NEXT to US President Trump who calls it a purveyor of fake news in America, our own President Duterte is inarguably The New York Times’ favorite whipping boy, its evil incarnate.
I wouldn’t have cared at all. However, despite its steep fall in credibility — and integrity — in the past decade, the NYT still has a considerable role in public opinion in the US and even worldwide. In the past year under Trump’s administration, it has all but shed its pretensions for objectivity, revealing itself as the spokesman for one faction of its ruling political elite, the Democratic Party.
Newspapers, even the biggest ones in developed countries, have withdrawn their once wide network of international correspondents, and just publish NYT articles on foreign countries, stupidly believing it still retains its journalistic competence and objectivity.
The NYT again recently demonstrated that it hasn’t let up on its campaign to vilify Duterte and the country when it had a front-page article on August 19 titled “Emaciated by Cancer and Mistaken as a Drug Addict, Filipino Dies in Detention.” The internet version even had two color photos of the funeral wake and a demonstration “against extrajudicial killings in the Philippines.”
The article, even just the title, is nothing but total media sensationalism, intended to tug at readers’ hearts to depict the Philippine government as a horrific, cruel regime killing even those dying of cancer.
When did the Filipino, a former OFW, die? August 9, or 10 days ago. Did the article report that the police claimed that the suspected drug-user was found to have two sachets of shabu? That not only the police but also the National Bureau of Investigation was undertaking its own investigation of the crime? No.
At it again.
The article was clearly just another piece to bolster the NYT’s false picture of the Duterte administration as a bloody regime. Of course, it’s news, fitting only for domestic newspapers. But for the NYT to run it?
It has a purpose, which is to claim again as it has done many times already, as that article itself states in its fourth paragraph: “Mr. Duterte’s drug war has killed thousands of people, and most deaths go largely unnoticed.” It then quotes the chairman of “the group Migrante International,” which it didn’t mention is a front of the Communist Party: “Instead of punishing erring policemen, the Duterte regime just simply relocates these murderous brutes to other places, and worse, promotes some of them.”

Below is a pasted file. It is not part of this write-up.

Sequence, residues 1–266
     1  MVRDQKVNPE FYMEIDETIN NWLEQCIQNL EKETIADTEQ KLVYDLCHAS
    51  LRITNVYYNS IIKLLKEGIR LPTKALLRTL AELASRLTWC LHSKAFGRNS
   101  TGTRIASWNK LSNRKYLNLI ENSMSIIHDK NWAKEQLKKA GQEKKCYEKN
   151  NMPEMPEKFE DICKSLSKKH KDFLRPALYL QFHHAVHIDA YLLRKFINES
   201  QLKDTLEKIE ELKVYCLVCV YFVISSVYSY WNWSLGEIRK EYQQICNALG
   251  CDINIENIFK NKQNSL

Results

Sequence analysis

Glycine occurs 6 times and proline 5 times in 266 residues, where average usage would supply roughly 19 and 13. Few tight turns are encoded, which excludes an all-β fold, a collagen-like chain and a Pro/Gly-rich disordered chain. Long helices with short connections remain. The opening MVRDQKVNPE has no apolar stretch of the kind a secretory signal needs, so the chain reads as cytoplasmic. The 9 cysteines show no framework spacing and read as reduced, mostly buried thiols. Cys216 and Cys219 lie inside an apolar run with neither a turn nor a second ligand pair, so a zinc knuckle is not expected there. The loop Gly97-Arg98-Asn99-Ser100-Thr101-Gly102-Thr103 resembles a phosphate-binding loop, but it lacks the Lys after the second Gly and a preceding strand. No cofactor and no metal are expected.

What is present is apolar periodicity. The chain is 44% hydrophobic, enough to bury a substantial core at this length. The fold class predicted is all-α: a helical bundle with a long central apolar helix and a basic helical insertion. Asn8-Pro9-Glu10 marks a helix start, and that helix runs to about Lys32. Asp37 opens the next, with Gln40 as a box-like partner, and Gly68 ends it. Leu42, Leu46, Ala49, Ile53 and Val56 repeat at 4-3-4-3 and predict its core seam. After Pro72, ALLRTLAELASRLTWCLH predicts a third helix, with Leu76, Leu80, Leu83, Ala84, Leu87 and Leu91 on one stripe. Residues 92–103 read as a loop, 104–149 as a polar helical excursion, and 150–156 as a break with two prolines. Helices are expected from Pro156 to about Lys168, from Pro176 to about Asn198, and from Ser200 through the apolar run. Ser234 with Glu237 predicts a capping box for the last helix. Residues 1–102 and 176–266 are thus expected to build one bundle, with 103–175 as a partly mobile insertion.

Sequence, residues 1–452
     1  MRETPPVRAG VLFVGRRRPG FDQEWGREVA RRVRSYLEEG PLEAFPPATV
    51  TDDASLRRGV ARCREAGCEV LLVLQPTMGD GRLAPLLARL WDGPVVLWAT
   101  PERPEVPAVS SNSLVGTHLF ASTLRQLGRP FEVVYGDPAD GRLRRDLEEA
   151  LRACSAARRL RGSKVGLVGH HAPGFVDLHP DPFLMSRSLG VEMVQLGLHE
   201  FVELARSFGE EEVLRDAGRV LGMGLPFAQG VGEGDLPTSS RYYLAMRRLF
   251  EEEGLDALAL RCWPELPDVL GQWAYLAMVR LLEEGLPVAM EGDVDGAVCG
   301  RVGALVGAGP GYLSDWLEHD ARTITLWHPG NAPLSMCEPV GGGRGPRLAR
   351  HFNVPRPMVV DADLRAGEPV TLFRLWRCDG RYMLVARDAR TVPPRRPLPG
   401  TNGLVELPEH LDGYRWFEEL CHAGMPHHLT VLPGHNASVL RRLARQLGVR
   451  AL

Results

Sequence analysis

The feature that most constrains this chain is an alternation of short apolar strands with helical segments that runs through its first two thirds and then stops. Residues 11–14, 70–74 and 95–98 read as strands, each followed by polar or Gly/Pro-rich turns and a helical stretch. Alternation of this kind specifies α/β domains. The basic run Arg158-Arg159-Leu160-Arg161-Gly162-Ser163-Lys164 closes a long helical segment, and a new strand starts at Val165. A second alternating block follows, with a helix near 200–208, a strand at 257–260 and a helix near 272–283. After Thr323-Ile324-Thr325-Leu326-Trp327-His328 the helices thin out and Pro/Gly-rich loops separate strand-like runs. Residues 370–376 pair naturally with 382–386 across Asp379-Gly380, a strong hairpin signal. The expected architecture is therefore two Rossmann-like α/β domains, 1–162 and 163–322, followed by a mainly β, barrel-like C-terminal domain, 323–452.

Ten days after local newspapers had that news story, the NYT writer couldn’t even get the side of government and the police on the issue?
It is only the NYT among the thousands of newspapers abroad that published this piece of news. The NYT’s bias is obvious in that news on that drug suspect’s death while detained is really—if the claim that he wasn’t at all a drug addict nor pusher is true—a case of police brutality.
But how many cases of police brutality in the US and even in the world does the NYT ignore, especially as it’s not supposed to be a crime-and-sex tabloid like the New York Post or New York Daily News? How many of the 3,000 killed by American police from 2015 to 2017 (according to the monitoring of the Washington Post) has the NYT given such prominence as a news story.?
An article in the blog of The Lancet, the world’s most prestigious general-medicine journal, in fact claimed that police brutality has become a “global health problem,” and noted the following:
— “In 2016-17, people were killed by the police or the army for peacefully standing up for human rights in 22 countries;
— In 2017 in the US, the Washington Post reported that 748 people lost their lives at the hands of the police, 309 of them of African American ethnic background; the economic costs of police brutality estimated to be about £1.8 billion per year;
— South-Africa’s Independent Police Investigative Directorate in 2016 reported 366 civilian deaths as a result of police action, 216 in police custody, 145 cases of torture, and 31 cases of rape; and
— In the run-up to the 2016 Olympics, there were 920 killings by the police in Rio de Janeiro, Brazil— an increase of 103 percent from the previous year.”
The NYT hasn’t given the same kind of space it has been giving police brutality cases here compared to those elsewhere. In fact, cases of police brutality in the Philippines account for over 90 percent of articles in the NYT on our country. There’s been nothing in the NYT articles like an objective analysis of how successful the anti-drug war has been, how the crime rate has precipitously declined, how the economy has surged in the past two years, how a bold infrastructure program has been going on, how foreign investment has surged since Duterte assumed power in mid-2016.
I asked Secretary Martin Andanar, the head of Malacañang’s communication organization, why his office had not been rebutting the NYT’s very biased and even erroneous articles. He replied: “We’ve written dozens of letters to it. Not one has been published.”